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The Occupational Safety and Health Administration requires you to keep medical records on an employee who may get exposed to toxic substances on the job. OHSA says these records have to be kept on file for the entire time the employee works for your company, plus 30 years after. Exceptions to this will be any medical files you had separately from your medical program; any records of first-aid treatments that didn't require more extensive medical treatment; and files on employees working for your company for less than a year. An employee working for you less than a year, however, will need you to give him his medical records when he leaves.
Exceptions to Employee Toxin Exposure
OSHA says certain reports related to a possible toxic exposure of an employee don't always have to be kept for 30 years. For instance, a lab report that details environmental information on the toxins needs to only be kept for one year. Only the pertinent medical information on the employee exposed to a toxin needs to be kept for the 30-year interim. Also, all information on the identification of the toxic substances doesn't have to be kept, other than records identifying the direct name of the toxin itself.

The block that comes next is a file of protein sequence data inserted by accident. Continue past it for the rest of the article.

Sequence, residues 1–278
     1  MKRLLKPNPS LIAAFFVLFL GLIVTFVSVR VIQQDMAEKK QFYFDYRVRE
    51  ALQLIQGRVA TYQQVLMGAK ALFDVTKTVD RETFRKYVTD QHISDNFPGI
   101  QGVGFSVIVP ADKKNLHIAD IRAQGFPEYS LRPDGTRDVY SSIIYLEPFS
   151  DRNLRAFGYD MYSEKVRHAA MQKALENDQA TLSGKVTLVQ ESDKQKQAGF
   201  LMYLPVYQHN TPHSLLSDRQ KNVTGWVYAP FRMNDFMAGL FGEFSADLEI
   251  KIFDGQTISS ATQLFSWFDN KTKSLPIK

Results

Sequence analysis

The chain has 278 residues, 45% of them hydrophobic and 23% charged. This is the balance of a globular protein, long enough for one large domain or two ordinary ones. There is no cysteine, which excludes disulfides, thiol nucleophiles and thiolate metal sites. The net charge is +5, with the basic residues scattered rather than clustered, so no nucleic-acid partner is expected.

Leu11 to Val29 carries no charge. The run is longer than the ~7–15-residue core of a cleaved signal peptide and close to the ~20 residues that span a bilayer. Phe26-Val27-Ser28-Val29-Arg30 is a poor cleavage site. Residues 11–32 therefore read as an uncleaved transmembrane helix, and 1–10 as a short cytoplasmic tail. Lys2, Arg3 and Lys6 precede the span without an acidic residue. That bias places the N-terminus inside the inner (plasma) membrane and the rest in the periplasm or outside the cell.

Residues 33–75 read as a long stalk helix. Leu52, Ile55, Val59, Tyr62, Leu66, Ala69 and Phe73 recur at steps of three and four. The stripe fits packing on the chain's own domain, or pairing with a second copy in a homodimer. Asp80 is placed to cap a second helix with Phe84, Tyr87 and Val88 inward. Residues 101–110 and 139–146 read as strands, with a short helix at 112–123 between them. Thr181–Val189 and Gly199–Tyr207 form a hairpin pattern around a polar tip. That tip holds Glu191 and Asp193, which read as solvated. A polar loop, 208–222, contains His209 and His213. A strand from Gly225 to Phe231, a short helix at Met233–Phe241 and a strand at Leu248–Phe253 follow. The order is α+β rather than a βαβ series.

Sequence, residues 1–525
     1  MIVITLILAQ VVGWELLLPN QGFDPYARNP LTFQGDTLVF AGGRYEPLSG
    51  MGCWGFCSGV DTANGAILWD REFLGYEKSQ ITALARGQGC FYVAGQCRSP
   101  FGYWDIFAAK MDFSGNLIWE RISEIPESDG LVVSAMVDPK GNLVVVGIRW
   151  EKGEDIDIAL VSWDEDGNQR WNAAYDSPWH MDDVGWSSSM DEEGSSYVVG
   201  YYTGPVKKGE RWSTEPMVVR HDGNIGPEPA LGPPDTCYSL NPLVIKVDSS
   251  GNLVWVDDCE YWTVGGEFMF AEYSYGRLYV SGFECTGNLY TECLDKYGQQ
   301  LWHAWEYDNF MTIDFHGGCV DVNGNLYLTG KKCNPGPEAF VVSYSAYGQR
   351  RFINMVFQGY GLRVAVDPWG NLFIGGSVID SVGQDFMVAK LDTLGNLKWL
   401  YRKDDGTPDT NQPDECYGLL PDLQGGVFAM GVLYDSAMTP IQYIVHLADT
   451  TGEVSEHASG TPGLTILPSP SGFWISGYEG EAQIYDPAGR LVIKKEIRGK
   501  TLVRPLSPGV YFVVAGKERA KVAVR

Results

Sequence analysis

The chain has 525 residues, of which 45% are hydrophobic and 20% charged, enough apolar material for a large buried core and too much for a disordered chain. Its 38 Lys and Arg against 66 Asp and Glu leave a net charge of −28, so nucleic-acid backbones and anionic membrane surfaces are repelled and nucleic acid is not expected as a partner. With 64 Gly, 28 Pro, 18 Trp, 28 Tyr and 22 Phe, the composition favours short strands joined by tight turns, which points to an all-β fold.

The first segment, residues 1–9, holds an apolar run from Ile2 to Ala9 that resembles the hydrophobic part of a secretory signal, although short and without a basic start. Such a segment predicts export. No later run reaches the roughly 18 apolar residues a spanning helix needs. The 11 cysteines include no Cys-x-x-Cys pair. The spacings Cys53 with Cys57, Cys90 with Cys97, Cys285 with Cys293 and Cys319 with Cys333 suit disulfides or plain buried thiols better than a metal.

When You Go Out of Business
If you go out of business, OSHA says that all medical records on your employees should be turned over to the person or entity buying your business. In the scenario of your business closing with no one taking over, contact all your former employees three
months before you close, and allow them access to their medical records. In addition, you must transfer your medical records to the National Institute for Occupational Safety and Health. As an option through the same institute, you can write the director and tell him in writing that you're disposing of the medical records three months before you go out of business.
Keeping Medical Records for the IRS
In a different scenario, you have to keep past medical records on your employees for tax purposes. The IRS says that you only have to keep these records until the period of limitations is up --- or a period of time that the IRS may need them to revise your tax returns. If the IRS finds out you owe additional taxes, you must keep employee records for three years. If you didn't report certain parts of your income and it exceeds 25 percent of your gross income shown on your tax return, employee records must be kept for six years. For those who file later to claim a refund or credit, employee records need to be kept for three years, or two years after the taxes were paid. Those who file taxes claiming a loss from securities will need to keep records for seven years.
The IRS points out that you may need to keep the medical records on file longer for circumstances beyond taxes. Sometimes insurance companies and creditors will require you to keep these records much longer. Contact your insurance company or your creditor, if possible, to see what they require.
Category: Personal Finance